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A second example illustrates how defects can be visualized based on reaction with furfuryl alcohol even in materials in which structural Brønsted acid sites are present in the intact framework. MIL-53(Ga) is a member of the MIL-53 family of materials based on gallium and terephthalate linkers.40 The bridging hydroxyl groups in this material, which are present as a part of one-dimensional chains of corner-sharing GaO4(OH)2 octahedra, display Brønsted acid character.41 Nevertheless, since the acidity of these hydroxyl sites is weaker than that of the carboxylic acid defects in the material, their presence does not hinder the visualization of the latter through the acid-catalyzed furfuryl alcohol probe reaction (see Figure S3 in the Supporting Information). It should be noted that the probe reaction used in this work is aimed specifically at visualizing defects in MOFs based on carboxylate linkers. While this certainly covers one of the most significant classes within the pool of MOF materials,8 it would be interesting to develop similar defect-indicating reactions for materials based on other linker chemistries.

In summary, we have demonstrated how confocal fluorescence microscopy can be a unique tool to study defects in MOF materials. In contrast to currently available techniques, confocal fluorescence microscopy offers the advantage of three-dimensional imaging at the single-crystal level combined with the sensitivity required to study the start of defect formation. Apart from three-dimensional imaging capabilities, the main merit of confocal fluorescence microscopy, as compared to other microspectroscopic techniques probing, for instance, vibrational modes, is its inherent sensitivity when a suitable fluorescent label is employed.42 In contrast, imaging based on vibrational spectroscopic techniques does not require labeled probes if the spectroscopic signatures of the molecules in the process to be studied are sufficiently different from the absorption bands of the porous host.31, 43 For in situ experiments simulating, for instance, realistic process conditions, not having to add probe molecules to the reaction mixture is advantageous. However, such techniques might be less suitable to study defects present in low concentrations and buried within the porous framework itself, especially when the vibrational modes of defect sites and framework are similar. In such a case, much more detailed imaging is achieved when the chemical differences of the defects are exploited to selectively highlight them with a fluorescent label rather than aiming at directly visualizing the difference in chemical properties itself.32 In addition, this study shows how the presence of defects observed at the single-crystal level extrapolates to changes in macroscopic catalytic performance of the whole synthesis batch.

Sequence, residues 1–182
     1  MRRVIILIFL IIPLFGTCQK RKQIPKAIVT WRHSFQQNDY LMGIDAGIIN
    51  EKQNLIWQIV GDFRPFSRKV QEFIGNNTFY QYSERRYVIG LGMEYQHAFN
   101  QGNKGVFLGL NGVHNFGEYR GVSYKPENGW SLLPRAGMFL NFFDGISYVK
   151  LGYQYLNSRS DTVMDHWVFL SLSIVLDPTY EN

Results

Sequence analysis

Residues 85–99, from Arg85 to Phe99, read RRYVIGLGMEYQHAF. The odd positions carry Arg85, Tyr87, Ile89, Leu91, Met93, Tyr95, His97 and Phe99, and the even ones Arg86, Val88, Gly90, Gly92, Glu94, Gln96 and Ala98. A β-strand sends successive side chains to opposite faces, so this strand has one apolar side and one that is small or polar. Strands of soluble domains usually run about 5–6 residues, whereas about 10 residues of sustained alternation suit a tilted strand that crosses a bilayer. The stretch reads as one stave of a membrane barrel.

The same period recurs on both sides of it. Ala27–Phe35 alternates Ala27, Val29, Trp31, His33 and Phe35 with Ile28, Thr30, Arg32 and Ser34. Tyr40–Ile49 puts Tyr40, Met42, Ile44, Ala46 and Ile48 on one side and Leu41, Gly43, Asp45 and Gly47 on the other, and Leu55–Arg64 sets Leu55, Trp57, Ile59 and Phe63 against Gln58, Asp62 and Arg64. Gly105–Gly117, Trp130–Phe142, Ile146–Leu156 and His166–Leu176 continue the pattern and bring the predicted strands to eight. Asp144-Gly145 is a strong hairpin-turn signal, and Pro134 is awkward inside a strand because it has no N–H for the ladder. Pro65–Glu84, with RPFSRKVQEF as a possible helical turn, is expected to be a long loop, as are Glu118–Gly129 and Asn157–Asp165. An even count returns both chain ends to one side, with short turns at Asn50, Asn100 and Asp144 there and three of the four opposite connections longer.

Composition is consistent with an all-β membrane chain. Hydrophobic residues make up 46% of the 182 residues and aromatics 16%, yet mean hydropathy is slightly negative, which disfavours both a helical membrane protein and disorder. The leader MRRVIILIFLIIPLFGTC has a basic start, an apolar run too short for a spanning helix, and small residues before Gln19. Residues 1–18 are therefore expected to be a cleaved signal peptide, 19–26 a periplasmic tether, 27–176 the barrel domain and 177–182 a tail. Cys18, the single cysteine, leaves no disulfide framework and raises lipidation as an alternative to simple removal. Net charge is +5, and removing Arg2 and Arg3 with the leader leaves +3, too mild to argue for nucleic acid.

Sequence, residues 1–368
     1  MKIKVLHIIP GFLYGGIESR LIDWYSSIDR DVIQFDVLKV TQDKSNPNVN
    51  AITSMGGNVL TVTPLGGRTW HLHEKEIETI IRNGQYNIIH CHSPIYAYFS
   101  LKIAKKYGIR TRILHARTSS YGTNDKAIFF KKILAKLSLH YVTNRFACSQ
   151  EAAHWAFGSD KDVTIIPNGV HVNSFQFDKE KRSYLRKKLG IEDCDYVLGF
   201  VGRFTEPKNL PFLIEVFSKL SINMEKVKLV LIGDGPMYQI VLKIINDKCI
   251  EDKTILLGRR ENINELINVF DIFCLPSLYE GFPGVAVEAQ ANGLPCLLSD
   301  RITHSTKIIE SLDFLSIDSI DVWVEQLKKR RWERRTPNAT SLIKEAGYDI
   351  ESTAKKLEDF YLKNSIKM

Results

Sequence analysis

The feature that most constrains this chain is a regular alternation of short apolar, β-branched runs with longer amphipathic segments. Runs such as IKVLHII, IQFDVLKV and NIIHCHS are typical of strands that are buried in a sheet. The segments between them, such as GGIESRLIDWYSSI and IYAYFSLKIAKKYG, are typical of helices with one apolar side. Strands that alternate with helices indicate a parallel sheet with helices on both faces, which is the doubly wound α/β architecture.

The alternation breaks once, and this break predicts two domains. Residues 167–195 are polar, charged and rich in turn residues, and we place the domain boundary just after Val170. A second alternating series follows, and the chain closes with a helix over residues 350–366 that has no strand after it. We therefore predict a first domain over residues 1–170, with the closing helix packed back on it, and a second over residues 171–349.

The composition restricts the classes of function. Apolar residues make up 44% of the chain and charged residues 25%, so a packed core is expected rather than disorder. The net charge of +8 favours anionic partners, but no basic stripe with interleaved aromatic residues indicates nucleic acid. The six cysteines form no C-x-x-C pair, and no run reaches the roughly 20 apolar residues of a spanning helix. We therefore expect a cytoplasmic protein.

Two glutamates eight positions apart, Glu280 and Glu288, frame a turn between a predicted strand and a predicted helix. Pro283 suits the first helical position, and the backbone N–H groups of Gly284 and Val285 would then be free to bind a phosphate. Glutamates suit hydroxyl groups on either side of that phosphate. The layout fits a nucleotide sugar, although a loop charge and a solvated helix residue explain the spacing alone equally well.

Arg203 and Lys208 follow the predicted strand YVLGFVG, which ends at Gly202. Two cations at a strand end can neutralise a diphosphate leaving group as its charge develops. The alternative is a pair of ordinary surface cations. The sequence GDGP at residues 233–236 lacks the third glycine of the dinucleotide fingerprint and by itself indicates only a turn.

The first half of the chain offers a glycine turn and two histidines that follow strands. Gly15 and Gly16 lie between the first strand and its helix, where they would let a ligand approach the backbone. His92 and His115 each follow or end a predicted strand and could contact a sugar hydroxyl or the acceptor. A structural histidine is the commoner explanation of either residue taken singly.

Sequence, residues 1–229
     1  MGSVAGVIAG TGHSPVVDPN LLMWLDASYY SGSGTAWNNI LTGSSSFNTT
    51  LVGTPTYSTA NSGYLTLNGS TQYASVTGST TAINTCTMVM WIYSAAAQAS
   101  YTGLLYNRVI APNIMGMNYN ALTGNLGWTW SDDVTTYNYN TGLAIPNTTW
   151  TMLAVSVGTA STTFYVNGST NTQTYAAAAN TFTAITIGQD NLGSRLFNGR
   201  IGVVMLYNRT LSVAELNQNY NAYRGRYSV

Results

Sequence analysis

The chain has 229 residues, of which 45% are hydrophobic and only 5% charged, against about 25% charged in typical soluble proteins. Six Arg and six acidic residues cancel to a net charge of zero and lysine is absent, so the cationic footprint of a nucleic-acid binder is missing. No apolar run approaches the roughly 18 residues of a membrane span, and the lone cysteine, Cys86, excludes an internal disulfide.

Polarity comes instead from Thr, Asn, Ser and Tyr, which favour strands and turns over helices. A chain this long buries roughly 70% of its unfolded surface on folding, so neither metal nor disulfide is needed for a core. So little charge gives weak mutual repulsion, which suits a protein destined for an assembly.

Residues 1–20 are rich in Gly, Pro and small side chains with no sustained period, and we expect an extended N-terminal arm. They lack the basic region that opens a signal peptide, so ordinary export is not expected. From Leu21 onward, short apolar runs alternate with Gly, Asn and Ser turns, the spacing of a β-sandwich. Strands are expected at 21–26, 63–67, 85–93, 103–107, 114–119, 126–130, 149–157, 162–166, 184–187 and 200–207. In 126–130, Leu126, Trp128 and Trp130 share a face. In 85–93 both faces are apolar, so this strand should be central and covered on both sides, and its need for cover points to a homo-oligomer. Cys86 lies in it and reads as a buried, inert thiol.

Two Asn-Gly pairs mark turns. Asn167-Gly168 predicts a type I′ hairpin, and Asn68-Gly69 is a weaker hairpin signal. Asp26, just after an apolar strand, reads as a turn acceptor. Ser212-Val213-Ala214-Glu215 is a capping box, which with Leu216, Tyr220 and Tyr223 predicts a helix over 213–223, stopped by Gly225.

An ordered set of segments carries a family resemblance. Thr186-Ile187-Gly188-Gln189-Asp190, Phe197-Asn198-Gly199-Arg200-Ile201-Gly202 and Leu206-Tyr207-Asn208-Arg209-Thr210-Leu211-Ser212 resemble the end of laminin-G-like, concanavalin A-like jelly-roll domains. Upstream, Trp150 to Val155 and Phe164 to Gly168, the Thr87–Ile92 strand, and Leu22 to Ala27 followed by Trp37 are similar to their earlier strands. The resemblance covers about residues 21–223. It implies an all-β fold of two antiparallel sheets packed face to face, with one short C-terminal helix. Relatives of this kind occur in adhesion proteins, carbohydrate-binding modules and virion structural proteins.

Experimental Section

  1. Top of page
  2. Experimental Section
  3. Supporting Information

HKUST-1 synthesis mixtures were prepared according to literature procedures.29 The synthesis mixture was loaded in Teflon-lined steel autoclaves and placed in a preheated oven at 383 K for a crystallization time of 15, 24, 48, 63, or 72 h. The samples obtained after 15 and 63 h are indicated as “short” and “extended” crystallization times, respectively, and used for comparison in fluorescence microscopy. Afterwards, samples were cooled to room temperature, separated by filtration, and washed twice with ethanol. After washing, HKUST-1 samples were dried, first at 333 K and subsequently at 393 K, and kept in airtight containers. Nitrogen adsorption on HKUST-1 samples was measured at 77 K using a Quantachrome AS1 instrument. Powder XRD patterns were recorded on a STOE STADI P Combi instrument in Debye–Scherrer geometry (Cu-Kα1) using a IP-position-sensitive detector (2θ=0–60°, Δ2θ=0.03°).

Bulk catalytic experiments were performed as follows. For the furfuryl alcohol oligomerization test reaction 2.5 mg of each HKUST-1 sample was incubated in 200 μL of vacuum-distilled furfuryl alcohol at 353 K for 24 h. After 24 h, 10 μL of the supernatant liquid was diluted in 2 mL of spectrograde ethanol and the fluorescence upon excitation at 365 nm was quantified using a Horiba Jobin Yvon Fluorolog fluorimeter. Control reactions using no catalyst, CuO, or Cu2O were found to give a significantly lower activity. For the α-pinene oxide test reaction 100 mg of each HKUST-1 sample was incubated with 100 mg of substrate in 5 mL of dichloromethane at 313 K for 2 h. Reaction products were analyzed by gas chromatography using nonane as an internal standard.

MOF-5 samples were prepared according to the procedure reported in reference 44. After the synthesis solvent was exchanged with chloroform, the crystals were not dried but instead kept under chloroform in airtight containers.

Samples for fluorescence microscopy were prepared by incubating MOF crystals in vacuum-distilled furfuryl alcohol for 18–24 h at 353 K. After this incubation step, crystals and liquid were transferred to a sealed custom measurement cell with glass windows along the beam path. An Olympus Fluoview FV-1000 instrument was used for recording fluorescence micrographs. Fluorescence data were processed using ImageJ software.45 Crystal models were generated using WinXMorph software.46

Supporting Information

  1. Top of page
  2. Experimental Section
  3. Supporting Information